International Journal for Information Security Research (IJISR), Volume 9, Issue 1, March 2019TABLE 2.DAILY BREAKDOWN OF SIP MESSAGETYPES RECEIVEDSIP Message Type ,215876destinations across 886 subnets. Fig. 3 demonstratesthese in detail. Where countries not shaded were notwitnessed, but the darker the shade, the more IP /24subnets that were observed.Figure 3. Attack IP /24 Subnet Country Origination(attack sources)This data is further broken down by top countriesof observed IP /24 subnets in Table 3. This displaysthe highest to lowest of how many IP /24 subnets (4thOctet removed) were observed from each country.TABLE 3.TOP COUNTRIES OF IP /24 SUBNETSOBSERVED4.1. System ResourcesDuring the 10-day period the Honeypot ran,approximately 20GB of SIP traffic was recordedwhich averaged 2GB per day due to inward SIPMessages.The highest average bandwidth utilisationrecorded by the Virtual Machine provider was600Kbps. The highest average CPU utilisationrecorded by the Virtual Machine was 30% and theaverage SIP dictionary registration attack was for 12hours (excluding 3rd October). During these times theabove average results of bandwidth and CPUutilisation were observed during the period. Fig. 2shows an IO graph exported from the Wireshark toolwhich demonstrates the intensity of packets persecondDestinationNumbers observedof individual IP /24SubnetsUnited States157Brazil113France96China80Russian 0Indonesia17Iran16Palestinian Territories15Other235Figure 2. Data IO Graph 24/9/20184.2. Attack OriginationDuring this experiment, the highest number of IP/24 subnets observed was from the United States,although not displayed in Table 3, only 7 /24 subnetswere witnessed from the United Kingdom.The PBX was attacked from multiple sources. Ourexperiment observed IP subnets from over 75Copyright 2019, Infonomics Society825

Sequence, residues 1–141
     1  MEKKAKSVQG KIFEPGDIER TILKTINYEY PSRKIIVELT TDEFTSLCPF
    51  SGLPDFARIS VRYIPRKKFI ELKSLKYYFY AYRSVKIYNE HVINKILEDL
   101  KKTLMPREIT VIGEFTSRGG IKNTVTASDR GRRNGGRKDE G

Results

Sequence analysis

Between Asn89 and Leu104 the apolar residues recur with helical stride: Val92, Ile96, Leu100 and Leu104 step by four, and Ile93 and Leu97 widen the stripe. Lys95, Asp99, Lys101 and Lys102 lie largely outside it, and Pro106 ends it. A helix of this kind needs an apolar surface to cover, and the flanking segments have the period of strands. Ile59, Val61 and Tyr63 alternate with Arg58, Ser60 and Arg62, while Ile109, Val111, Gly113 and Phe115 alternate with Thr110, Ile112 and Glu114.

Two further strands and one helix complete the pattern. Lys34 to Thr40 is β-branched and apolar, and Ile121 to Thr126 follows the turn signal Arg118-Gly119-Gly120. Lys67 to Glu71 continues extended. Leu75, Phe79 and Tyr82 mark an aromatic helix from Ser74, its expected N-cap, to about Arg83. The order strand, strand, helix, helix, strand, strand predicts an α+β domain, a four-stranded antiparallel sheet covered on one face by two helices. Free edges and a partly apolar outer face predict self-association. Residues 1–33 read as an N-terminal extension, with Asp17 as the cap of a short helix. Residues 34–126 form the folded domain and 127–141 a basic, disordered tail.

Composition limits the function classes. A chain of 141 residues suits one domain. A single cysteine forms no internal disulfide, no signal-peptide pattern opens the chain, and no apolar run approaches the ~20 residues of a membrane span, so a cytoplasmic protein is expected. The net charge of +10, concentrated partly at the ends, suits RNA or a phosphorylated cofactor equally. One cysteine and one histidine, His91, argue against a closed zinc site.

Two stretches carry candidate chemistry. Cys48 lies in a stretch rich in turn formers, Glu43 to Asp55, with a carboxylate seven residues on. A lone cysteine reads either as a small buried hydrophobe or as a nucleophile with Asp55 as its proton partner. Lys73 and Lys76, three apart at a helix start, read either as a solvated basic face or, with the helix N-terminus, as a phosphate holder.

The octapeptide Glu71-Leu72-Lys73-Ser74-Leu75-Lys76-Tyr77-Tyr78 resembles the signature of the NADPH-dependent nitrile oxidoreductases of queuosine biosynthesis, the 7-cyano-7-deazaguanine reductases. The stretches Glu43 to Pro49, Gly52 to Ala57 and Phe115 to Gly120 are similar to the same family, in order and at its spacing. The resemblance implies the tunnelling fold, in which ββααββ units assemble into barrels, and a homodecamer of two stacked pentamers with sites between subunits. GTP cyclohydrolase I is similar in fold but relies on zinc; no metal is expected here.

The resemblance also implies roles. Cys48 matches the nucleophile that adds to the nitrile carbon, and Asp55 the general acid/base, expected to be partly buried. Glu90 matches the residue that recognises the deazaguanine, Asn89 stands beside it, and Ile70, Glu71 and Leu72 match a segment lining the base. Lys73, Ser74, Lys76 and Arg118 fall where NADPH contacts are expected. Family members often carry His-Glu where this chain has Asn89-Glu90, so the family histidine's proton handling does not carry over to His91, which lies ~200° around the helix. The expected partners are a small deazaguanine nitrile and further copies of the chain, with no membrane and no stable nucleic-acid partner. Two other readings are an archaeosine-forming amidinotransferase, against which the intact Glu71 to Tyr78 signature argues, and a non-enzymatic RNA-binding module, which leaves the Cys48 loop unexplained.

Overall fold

International Journal for Information Security Research (IJISR), Volume 9, Issue 1, March 20194.3. Volume of AttacksIn section 4.2, it was claimed that the United Stateswas the most frequent country by different IP /24subnets to attempt to gain access in some way to thePBX Honeypot. Yet, this does not necessarily meanthat most attacks were witness from the United States.Instead, as displayed in Fig. 4, the most amount ofdata transferred were based on attacks whichoriginated from the Netherlands.TABLE 4.USER AGENTS DETECTEDRegister Vaxsipuseragent/3.1 MGKsip release 1110 VoIPSIP V11.0.0 Eyebeam FPBXInvite Linksys-SPA924 SIPCLI/V1.8 (some were V1.9) Pplsip voipxx Various random characters:Figure 4. Top Countries by Data TransferredThe majority of traffic from the Netherlands andIceland originated from 1 IP /24 subnet, where incomparison it was balanced for French, Russian andUS IP subnets.4.4. 3rd October Registration AttackThe attack witnessed on the 3rd October 2018 wasmultiple times bigger than any other attack. Instead ofthe approximate 12-hour attacks (Fig. 2) witnessed onother days, 3rd October had a continual 24-hour periodattack (with a short break in between) where 7.2million registration attempts were made. The useragent used in the SIP messaging appeared to be fromMGKsip release 1110. This attack intensity can beseen in Fig. 5.Figure 5. Data IO Graph 3/10/2018 Attack4.5. User AgentsDuring the 10 days the Honeypot ran, various useragents appear to have been used by third parties tosend messages to the system were observed.Copyright 2019, Infonomics Societyozazann,ozxcvfdf11Option Friendly-scanner Avaya Cisco-sipgateway/IOS-12.X sipviciousSome of these were a combination of randomletters and numbers, others were known user agents,desk phones or phone systems. The breakdown basedon SIP Message type can be seen in Table 4.4.6. Unauthenticated Invite AttemptsIt was observed that third parties were attemptingto dial the PBX without prior authenticating bysending Invites. Attackers usually attempted to callreal phone numbers by trying different prefixes infront of the number. This concept is similar to that ofdialling 9 for an outside line. Hundreds, if notthousands of variations were observed for many of thenumbers attempted. For example: 9[number]900[number]*9[number] [number]What is of interest is that almost all Invitemessages were setup to originate from the HoneypotIP address. For example, in the “from” header in theInvite, instead of it normally containing the826